Some Thoughts on God and Other Things
Page Publishing, 2015
There is a line of reasoning, if we may call it that, running through Protestantism here in the U.S. (primarily evangelical and dominated by the Baby Boomer generation) that sees itself as constantly under attack and marginalized. This persecution complex bleeds over into nearly every aspect of everyday living. The saturation of Christian values, politics, and dictates is the reality of life in the United States; it can’t be escaped yet the vast majority that identify as such are convinced they are an extreme and endangered minority.
This temperament lends itself well to the literature produced by believers. There is a constant call to return to a golden past, to stand out in the face of supposed persecution, and that repentance for ‘sins’ or acknowledged wrongdoing both moral and legal is enough to absolve one in the eyes of the divine. Believers always have room for those confirming what they already feel.
Enter Jerome Gleich’s Some Thoughts on God and Other Things, a folksy, simple book consisting of “thoughts that are not really my own, that is, they just came to me, in the middle of the night, on the train, or at work (and I believe that these are inspired by God).” Gleich frequently asserts the nation has dismissed God completely and in so doing we have become violent, angry, and full of hatred. Some Thoughts on God is most certainly a jeremiad on the moral decline of our nation.
There are, of course, millions who believe this and are eager to have it confirmed. Gleich obliges by writing a book length essay that can be easily understood by any level of reader. In fact, the quality of Gleich’s writing falls right in line with many first year college students, which I would image opens up a larger audience for his thoughts. Gleich makes it a point to stress he is writing about not the concept of God but the reality, and he’s uninterested in religion. These twin tracks are never really squared but Gleich is earnest in his attempt to avoid bias and speak about what he sees as the divine more broadly.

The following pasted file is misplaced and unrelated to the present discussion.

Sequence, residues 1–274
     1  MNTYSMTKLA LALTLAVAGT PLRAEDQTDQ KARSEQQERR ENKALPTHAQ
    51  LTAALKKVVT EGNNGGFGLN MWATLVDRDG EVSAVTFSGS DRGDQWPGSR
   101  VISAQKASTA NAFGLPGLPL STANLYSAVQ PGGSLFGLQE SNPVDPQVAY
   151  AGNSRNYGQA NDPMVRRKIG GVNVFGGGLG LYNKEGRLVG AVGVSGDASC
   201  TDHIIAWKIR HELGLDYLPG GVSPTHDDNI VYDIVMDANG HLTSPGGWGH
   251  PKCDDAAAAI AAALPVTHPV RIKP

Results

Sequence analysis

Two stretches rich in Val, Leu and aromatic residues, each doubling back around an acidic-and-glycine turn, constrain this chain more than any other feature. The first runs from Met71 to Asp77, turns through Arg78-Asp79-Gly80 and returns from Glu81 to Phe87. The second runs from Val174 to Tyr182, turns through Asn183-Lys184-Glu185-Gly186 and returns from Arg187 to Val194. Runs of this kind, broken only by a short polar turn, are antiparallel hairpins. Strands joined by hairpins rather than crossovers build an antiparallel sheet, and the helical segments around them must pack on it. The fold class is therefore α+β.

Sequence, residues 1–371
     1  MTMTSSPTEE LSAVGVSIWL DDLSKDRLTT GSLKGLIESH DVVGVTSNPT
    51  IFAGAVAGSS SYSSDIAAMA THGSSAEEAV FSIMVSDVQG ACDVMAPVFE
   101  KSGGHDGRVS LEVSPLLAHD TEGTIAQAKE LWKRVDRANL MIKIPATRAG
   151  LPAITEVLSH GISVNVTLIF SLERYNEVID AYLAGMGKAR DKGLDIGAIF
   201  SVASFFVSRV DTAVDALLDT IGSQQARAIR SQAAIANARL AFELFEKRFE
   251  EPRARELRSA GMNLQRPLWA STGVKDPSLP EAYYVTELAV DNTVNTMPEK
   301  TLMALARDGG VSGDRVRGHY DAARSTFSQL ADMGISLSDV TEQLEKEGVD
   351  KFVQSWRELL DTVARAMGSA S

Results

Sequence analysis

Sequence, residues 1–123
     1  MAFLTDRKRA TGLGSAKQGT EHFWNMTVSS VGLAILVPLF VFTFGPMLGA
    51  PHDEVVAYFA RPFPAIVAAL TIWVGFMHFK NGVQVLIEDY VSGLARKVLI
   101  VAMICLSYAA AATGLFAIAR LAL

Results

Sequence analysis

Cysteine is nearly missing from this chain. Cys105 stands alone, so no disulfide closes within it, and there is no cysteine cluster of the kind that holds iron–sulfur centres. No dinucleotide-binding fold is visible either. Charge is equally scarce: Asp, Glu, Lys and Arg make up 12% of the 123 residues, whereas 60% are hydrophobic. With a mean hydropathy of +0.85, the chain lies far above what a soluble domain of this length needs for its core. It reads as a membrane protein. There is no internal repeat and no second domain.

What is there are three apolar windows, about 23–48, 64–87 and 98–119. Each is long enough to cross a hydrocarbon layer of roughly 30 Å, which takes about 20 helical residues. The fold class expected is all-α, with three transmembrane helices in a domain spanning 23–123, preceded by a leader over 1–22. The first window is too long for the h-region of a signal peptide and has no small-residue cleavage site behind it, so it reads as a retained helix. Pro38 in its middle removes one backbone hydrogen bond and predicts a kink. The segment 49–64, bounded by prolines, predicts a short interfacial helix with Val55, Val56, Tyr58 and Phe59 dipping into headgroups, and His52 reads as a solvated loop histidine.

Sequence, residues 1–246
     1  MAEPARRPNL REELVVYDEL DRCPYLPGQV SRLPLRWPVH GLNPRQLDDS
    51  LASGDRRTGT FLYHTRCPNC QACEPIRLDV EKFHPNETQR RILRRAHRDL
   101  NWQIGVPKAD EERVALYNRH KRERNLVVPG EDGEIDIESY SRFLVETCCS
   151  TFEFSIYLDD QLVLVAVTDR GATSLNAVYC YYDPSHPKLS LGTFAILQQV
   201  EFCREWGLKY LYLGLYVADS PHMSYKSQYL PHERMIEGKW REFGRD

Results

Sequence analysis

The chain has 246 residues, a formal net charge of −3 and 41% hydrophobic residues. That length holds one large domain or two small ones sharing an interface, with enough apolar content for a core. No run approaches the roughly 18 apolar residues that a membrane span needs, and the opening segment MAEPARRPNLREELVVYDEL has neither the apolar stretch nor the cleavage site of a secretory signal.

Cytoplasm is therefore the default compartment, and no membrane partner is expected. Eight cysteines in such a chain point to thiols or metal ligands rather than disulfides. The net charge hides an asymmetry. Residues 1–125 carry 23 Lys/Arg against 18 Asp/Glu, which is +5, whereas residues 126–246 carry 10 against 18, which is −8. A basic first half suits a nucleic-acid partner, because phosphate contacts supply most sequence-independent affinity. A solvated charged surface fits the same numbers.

Many do have the need and desire for religious self-help rather than psychological, clinical or pop. Gleich’s book fits this niche as it is concerned with providing a path for like-minded individuals to overcome “the bad things going on in the world.”
At its best, Gleich’s prose is a genuine effort to reach out to those who feel themselves untethered in society longing for a metaphysical grounding, if you will. Just as often, however, the content of Some Thoughts On God is searingly myopic and culturally tone deaf. Yet is very doubtful anyone not already inclined towards Gleich’s point of view, temperament, and background would approach this book. Those inclined will be satisfied if not fulfilled with a book ratifying their impressions while offering sermons that don’t admonish but prod one towards a kind of redemption.
Jerome Gleich is a graduate of De Paul University with a degree in economics. He has worked for over forty years as a commercial casualty underwriter. This is his first book.
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